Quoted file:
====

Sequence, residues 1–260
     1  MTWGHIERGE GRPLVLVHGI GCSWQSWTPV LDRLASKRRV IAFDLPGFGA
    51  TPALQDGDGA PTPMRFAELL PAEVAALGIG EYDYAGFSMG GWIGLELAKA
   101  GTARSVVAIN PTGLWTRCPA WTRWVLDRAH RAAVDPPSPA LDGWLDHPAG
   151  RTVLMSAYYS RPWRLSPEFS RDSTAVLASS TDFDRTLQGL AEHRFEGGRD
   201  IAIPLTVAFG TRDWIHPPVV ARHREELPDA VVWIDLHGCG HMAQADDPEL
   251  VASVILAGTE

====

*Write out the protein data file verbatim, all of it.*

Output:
Sequence, residues 1–260
     1  MTWGHIERGE GRPLVLVHGI GCSWQSWTPV LDRLASKRRV IAFDLPGFGA
    51  TPALQDGDGA PTPMRFAELL PAEVAALGIG EYDYAGFSMG GWIGLELAKA
   101  GTARSVVAIN PTGLWTRCPA WTRWVLDRAH RAAVDPPSPA LDGWLDHPAG
   151  RTVLMSAYYS RPWRLSPEFS RDSTAVLASS TDFDRTLQGL AEHRFEGGRD
   201  IAIPLTVAFG TRDWIHPPVV ARHREELPDA VVWIDLHGCG HMAQADDPEL
   251  VASVILAGTE